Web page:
Where the Next Generation Will Come From

Brett Moss is gear & technology editor.I’ve got to give Loyalist College of Belleville, Ont., credit. The Canadian school has a Broadcast Engineering Technology degree program and is in the last semester of its first class of “pioneer” broadcast engineers.
Author:
Publish date:


Brett Moss is gear & technology editor.

I’ve got to give Loyalist College of Belleville, Ont., credit. The Canadian school has a Broadcast Engineering Technology degree program and is in the last semester of its first class of “pioneer” broadcast engineers.

It’s just not often you see a new broadcast engineering program. The college’s Web page describing the program notes: “This new, one-of-a-kind program was designed with input from the industry, based on today’s requirements and their expectations of future directions.” And it adds, “Many broadcast engineers are retiring now and in the next several years, creating a great need for new graduates who are trained on the latest systems.”

Real-world broadcast internships with the CBC, CHUM Radio, Corus Entertainment, et al. provide for hands-on experience. Not surprisingly, the program has a component of IT technology.

Eric Heidendahl, professor/coordinator of broadcast engineering for Loyalist College, wrote a commentary in Radio World this month in which he describes broadcast engineering as “a solid career choice for those who are technically inclined; but for now it is a well-kept secret.” Programs like his help get the word out.

The Loyalist program is accredited by SBE, too. Society of Broadcast Engineers Executive Director John Poray tells us that there are now a dozen SBE-certified schools (as well as an SBE tie-in with the U.S. military education program). So the next time someone asks, “Where will the next generation of engineers come from,” you can point them to this list.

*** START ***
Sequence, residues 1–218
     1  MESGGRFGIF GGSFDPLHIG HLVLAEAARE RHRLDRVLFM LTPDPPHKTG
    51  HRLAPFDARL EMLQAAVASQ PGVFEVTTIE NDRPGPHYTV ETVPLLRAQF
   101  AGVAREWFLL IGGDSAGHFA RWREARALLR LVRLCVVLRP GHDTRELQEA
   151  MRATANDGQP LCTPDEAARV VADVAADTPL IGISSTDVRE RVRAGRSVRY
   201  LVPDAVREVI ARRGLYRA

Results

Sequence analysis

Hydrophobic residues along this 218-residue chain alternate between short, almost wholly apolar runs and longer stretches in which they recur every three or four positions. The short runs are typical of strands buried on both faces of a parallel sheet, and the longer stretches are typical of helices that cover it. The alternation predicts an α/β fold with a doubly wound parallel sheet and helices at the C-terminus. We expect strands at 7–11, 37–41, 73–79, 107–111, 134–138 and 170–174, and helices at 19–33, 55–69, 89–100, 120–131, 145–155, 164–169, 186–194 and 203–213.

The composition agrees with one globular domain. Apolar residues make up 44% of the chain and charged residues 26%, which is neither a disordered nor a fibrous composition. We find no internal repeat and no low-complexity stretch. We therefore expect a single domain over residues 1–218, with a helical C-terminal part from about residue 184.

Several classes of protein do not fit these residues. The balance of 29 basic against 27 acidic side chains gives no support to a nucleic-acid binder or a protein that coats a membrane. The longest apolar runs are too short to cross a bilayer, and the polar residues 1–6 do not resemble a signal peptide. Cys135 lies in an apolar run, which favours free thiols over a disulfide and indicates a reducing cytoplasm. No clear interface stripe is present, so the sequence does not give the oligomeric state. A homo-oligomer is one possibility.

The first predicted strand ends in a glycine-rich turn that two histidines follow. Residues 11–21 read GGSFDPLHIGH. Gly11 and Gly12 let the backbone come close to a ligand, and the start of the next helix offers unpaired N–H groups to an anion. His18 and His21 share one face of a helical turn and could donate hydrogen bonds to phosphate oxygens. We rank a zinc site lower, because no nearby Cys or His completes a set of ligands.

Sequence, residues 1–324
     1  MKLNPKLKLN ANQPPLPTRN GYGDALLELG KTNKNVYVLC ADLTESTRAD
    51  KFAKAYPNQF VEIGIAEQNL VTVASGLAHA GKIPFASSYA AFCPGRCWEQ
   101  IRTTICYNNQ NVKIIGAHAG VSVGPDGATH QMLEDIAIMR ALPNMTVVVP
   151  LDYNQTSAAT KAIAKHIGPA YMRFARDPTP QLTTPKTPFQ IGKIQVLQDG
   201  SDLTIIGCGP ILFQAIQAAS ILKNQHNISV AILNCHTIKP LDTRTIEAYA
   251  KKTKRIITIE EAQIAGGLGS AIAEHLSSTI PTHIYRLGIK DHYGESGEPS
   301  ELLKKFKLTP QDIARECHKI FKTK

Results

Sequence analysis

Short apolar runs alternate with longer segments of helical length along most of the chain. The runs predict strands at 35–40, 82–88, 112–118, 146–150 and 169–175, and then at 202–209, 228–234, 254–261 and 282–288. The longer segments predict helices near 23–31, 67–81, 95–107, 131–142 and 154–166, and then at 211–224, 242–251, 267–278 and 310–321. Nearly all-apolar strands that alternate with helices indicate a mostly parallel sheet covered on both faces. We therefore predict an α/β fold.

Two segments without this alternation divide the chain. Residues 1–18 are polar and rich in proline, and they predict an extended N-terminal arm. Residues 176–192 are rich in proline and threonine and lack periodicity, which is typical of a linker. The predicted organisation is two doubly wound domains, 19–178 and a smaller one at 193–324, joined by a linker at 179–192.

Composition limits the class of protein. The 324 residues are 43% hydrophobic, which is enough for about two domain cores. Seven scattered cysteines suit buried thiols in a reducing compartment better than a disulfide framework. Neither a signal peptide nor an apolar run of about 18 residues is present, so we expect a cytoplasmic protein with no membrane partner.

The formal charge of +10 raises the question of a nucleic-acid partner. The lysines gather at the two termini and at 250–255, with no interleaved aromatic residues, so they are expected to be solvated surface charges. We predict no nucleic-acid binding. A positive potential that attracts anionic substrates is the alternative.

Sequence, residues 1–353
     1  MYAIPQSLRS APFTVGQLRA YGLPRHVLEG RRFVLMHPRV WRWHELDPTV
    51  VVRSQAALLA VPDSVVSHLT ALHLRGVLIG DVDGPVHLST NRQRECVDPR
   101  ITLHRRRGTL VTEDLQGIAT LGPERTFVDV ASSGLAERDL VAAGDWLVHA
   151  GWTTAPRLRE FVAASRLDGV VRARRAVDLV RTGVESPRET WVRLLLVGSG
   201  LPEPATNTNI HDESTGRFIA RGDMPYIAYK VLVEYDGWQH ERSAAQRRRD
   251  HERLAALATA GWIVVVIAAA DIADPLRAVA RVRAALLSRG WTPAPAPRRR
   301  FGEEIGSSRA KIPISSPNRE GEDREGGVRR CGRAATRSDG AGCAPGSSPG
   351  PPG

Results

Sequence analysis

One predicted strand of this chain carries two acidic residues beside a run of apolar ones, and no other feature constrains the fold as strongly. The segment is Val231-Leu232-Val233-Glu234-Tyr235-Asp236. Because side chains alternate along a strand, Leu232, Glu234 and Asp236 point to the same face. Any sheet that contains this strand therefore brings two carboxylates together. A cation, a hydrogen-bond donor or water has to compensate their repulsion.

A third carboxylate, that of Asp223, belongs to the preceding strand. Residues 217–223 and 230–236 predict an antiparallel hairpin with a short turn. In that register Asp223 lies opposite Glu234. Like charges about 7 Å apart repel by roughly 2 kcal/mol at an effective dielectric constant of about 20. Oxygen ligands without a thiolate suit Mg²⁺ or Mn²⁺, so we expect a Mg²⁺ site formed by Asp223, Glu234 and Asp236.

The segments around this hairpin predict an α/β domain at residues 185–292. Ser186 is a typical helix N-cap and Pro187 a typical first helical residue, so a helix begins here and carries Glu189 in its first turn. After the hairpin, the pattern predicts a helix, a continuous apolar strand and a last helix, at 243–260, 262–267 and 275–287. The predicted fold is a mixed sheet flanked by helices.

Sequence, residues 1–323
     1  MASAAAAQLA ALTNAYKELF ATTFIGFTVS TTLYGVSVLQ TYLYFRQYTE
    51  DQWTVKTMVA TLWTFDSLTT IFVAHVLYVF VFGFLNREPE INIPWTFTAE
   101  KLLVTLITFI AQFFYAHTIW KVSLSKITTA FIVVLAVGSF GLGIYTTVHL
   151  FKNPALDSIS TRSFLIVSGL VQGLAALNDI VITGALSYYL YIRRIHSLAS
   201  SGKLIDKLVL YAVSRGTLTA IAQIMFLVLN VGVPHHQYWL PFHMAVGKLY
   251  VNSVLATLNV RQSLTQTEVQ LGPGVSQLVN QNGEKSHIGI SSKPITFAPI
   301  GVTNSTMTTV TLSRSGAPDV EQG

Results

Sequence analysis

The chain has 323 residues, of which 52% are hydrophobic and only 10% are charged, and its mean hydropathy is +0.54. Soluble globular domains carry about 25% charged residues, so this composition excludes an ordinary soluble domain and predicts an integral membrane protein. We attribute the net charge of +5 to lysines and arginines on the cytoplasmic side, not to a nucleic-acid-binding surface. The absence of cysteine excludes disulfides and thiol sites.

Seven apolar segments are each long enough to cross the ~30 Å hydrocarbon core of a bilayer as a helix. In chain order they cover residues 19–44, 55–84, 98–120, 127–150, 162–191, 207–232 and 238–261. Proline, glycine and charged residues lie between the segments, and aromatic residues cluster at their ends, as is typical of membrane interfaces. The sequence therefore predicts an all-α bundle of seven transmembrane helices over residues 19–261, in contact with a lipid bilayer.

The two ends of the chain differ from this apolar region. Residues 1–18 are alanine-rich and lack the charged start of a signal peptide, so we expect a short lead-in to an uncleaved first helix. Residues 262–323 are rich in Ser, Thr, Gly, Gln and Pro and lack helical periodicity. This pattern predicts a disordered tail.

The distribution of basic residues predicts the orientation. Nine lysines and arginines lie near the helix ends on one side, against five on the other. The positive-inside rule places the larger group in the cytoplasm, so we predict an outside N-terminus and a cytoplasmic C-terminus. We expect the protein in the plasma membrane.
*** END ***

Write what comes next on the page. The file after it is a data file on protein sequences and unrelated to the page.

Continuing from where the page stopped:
Kudos to Loyalist College, and to SBE, for advancing the cause of developing future engineers.

Related

MAB and the Next Generation

Brett Moss is gear & technology editor.The Michigan Association of Broadcasters and its foundation know how to treat their kids. At the recent Great Lakes Broadcasting Conference and Expo, the foundation handed out its 2011 MABF High School and College

Dude, Where’s My AM Tuner?

Brett Moss is gear & technology editor.One of our modern Christmas traditions is the “gadget.” Traditionally the gadget was ever so cool (bonus points if it was “James Bondish”) and usually not particularly useful. And despite its sometimes jack of

Frank, Who ... er, WHERE Are You?

By Gear & Technology Editor Brett MossWhile it might not entail deafeningly loud music, trashing hotel rooms, groupie trains or exotic pharmaceuticals, the Frank Foti 2010 World Tour is starting. Or maybe in the tradition of his idols The Who,

Ruby Anniversary for Equipment Supplier

Brett Moss is gear & technology editor.It’s now known as ProAudio.com, but for anyone in the radio TV broadcast business over the age of 35 or thereabouts, it will always be Crouse Kimzey.What started in the early 1970s in Fort

Vegas Rooms for $22? If You Know Where to Look

Brett Moss is gear & technology editor.For prospective NAB Show attendees, “where to stay” is always an interesting question. Vets know that Las Vegas has a wide variety of hotels, at wildly varying levels of quality. There is also the

Moss: Engineers & Other Sex Gods, Apply Here

Brett Moss is gear & technology editor.Here’s a chance to be famous, idolized and influential (or have rotten tomatoes thrown at you).Let’s face it, most everyone got into radio engineering to be famous, right? So here’s your chance. The National